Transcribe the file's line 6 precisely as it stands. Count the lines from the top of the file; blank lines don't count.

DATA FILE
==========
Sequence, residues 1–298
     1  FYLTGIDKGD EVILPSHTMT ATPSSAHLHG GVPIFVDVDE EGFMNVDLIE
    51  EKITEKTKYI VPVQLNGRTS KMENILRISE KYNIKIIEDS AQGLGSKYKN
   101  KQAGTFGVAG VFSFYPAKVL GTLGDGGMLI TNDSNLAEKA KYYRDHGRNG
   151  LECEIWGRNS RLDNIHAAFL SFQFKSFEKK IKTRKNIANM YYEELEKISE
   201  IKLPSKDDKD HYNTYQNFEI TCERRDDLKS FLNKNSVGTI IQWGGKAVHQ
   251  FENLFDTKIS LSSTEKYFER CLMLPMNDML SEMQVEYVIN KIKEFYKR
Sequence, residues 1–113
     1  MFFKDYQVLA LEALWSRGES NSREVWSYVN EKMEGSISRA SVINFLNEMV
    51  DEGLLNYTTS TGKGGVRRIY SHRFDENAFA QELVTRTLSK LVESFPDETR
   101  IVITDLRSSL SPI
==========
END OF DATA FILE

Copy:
   201  IKLPSKDDKD HYNTYQNFEI TCERRDDLKS FLNKNSVGTI IQWGGKAVHQ